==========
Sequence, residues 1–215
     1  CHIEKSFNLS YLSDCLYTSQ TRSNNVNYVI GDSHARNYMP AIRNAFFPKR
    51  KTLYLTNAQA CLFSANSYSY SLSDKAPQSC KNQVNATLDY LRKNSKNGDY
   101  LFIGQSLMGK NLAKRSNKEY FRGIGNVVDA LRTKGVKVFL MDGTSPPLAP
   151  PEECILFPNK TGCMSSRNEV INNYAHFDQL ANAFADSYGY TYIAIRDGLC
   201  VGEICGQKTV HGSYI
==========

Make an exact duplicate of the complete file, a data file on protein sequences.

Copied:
Sequence, residues 1–215
     1  CHIEKSFNLS YLSDCLYTSQ TRSNNVNYVI GDSHARNYMP AIRNAFFPKR
    51  KTLYLTNAQA CLFSANSYSY SLSDKAPQSC KNQVNATLDY LRKNSKNGDY
   101  LFIGQSLMGK NLAKRSNKEY FRGIGNVVDA LRTKGVKVFL MDGTSPPLAP
   151  PEECILFPNK TGCMSSRNEV INNYAHFDQL ANAFADSYGY TYIAIRDGLC
   201  VGEICGQKTV HGSYI